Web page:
Director: Shoojit Sircar

Cast: Banita Sandhu, Gitanjali Rao, Varun Dhawan

Shoojit Sircar’s new film, October, written by the formidable Juhi Chaturvedi, is a beautifully restrained piece of storytelling that deliberately reflects the unerring functionalism of its two primary spaces: a hotel and a hospital. On the face of it, there could not be two more contradicting expressions of humanity. But these spaces, at some level, are irrevocably connected – by the kind of intrinsic binomial thread that usually connects flawed heroes and super villains. One services the body, and the other, the ego. Both demand a cocktail of customized empathy and controlled detachment from their employees. Both pay strangers to take care of – as opposed to “care for” – strangers. And both are commercial symbols of displacement. Not unlike the seasons that converge in the month of October, their corridors accommodate stories that are yet to reach a destination. Whether it’s the chatter of a Sikh family exiting an elevator or a worried brother unable to decipher a prescription, their sounds are always in transit. Like scattered words from disparate letters, they fall upon ears that are trained to edit.

Also Watch: Shoojit Sircar Breaks Down The Knife Scene In Piku

It’s therefore both natural and ironic to find a protagonist like Dan (Varun Dhawan) flitting between these two spaces. Dan looks like the kind of boy in a perpetual state of flux. He doesn’t belong anywhere. Change is supposed to be his only constant, but it is also his only liability. When we first see him as a disinterested, unfocused intern at Delhi’s Radisson hotel, the lilting lobby-piano-music-like background score lends an autopilot-ness to his existential uncertainty. Change the sheets, change the toiletry, change the attitude. He is, for October’s opening thirty minutes, a classic Ranbir Kapoor trope: restless, drifting along and increasingly tolerant of his own failings. Everyone, from his flat-mates to his boss and security guards, is either chastising or dismissing him. You sense that he was the class clown, and you also sense that he is subconsciously looking for a situation that helps him relocate his self-worth.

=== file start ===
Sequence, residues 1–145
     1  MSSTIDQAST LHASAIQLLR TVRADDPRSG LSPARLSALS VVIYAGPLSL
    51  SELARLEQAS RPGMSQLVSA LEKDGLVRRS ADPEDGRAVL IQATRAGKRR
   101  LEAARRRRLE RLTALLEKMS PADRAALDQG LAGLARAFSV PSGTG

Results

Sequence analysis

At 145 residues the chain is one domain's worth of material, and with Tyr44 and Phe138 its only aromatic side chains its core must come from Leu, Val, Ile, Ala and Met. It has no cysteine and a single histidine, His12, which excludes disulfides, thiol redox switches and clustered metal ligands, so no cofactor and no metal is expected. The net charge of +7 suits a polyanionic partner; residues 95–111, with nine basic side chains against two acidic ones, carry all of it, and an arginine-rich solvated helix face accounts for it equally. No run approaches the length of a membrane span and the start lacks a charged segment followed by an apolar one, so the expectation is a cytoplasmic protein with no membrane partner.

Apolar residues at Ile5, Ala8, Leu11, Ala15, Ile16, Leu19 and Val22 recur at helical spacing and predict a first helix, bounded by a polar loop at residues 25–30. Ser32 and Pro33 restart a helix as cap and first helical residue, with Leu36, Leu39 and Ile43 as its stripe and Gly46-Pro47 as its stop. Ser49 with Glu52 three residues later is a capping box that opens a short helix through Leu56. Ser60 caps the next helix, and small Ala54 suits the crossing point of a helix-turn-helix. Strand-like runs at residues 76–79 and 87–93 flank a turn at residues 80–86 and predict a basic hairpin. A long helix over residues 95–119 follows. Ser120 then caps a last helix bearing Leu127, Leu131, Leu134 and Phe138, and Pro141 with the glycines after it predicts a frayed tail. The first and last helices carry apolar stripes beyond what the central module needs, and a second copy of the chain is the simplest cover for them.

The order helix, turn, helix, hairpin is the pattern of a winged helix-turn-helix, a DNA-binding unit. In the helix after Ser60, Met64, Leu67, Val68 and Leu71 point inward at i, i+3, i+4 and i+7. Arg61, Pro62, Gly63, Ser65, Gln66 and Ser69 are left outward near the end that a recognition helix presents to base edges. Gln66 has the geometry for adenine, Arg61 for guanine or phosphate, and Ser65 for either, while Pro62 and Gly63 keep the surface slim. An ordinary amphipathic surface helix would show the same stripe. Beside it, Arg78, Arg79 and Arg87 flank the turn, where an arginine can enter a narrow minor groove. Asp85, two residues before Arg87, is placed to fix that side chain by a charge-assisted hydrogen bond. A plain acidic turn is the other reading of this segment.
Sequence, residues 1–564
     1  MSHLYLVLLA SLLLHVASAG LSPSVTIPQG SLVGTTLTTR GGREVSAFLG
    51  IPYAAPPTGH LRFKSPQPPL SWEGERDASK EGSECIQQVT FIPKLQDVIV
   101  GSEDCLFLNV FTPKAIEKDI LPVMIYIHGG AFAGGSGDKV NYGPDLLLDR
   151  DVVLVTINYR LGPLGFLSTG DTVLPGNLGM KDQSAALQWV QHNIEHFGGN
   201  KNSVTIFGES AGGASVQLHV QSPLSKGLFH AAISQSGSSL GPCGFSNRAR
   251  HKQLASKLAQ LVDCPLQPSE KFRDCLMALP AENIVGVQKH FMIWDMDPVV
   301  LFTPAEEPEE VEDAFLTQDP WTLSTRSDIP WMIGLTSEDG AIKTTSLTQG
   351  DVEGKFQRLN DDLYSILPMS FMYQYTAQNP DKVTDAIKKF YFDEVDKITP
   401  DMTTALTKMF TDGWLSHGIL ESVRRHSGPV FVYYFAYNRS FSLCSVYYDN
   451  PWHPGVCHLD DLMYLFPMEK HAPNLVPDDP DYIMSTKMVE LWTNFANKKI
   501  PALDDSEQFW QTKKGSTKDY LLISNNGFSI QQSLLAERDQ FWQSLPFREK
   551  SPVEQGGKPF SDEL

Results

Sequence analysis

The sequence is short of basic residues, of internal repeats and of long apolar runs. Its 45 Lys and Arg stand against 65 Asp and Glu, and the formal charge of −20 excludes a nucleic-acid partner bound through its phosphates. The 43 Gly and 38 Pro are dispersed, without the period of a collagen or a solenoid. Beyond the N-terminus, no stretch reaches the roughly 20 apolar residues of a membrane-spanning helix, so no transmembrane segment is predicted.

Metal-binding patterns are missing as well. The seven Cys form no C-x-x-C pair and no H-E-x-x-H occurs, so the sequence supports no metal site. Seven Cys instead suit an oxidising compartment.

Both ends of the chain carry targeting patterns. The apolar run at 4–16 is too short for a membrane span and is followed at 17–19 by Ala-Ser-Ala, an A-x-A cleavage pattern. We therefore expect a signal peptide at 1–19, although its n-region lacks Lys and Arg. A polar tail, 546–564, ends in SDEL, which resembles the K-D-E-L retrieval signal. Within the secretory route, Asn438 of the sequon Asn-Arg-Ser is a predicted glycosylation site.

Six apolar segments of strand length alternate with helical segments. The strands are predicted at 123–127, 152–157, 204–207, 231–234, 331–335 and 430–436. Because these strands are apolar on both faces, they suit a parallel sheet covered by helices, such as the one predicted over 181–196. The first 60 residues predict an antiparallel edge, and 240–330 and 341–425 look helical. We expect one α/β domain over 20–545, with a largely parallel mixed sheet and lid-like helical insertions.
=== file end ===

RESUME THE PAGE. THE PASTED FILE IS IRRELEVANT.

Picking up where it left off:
But Dan also looks like the kind of boy who is too curious – in an idealistic movie-hero kind of way – to be good at his job; he can’t help but “notice,” and have an opinion on, the stories around him. He has no filter while calling out incompetent seniors and arrogant guests. This defeats the purpose of his trade: that of a paid caretaker at a five-star hotel. Conversely, it informs the purpose of his being: that of an unpaid caregiver at a private hospital. When a colleague (Banita Sandhu, as Shiuli Iyer) he barely knows goes into a coma, Dan’s professional drawbacks assume the outlier aura of Rajkumar-Hirani-ish pragmatism – his unfurnished simplicity suddenly finds a reason to thrive. He is oddly drawn to her situation – in a manner that invokes an art-house Rockstar equipped with a vegetative Nargis Fakhri. Irrespective of this muted Jordan-like irrationalism, Dan is perhaps not emotionally perceptive enough to recognize another cruel irony: Shiuli, who was great at her job, now has to pay to be taken care of. And, at some point, to be cared for. 

Every time we expect the story to “take off” and conform to a tone, any tone, of unconventionality or absoluteness, it stays put – unblinking, circumstantial and brave.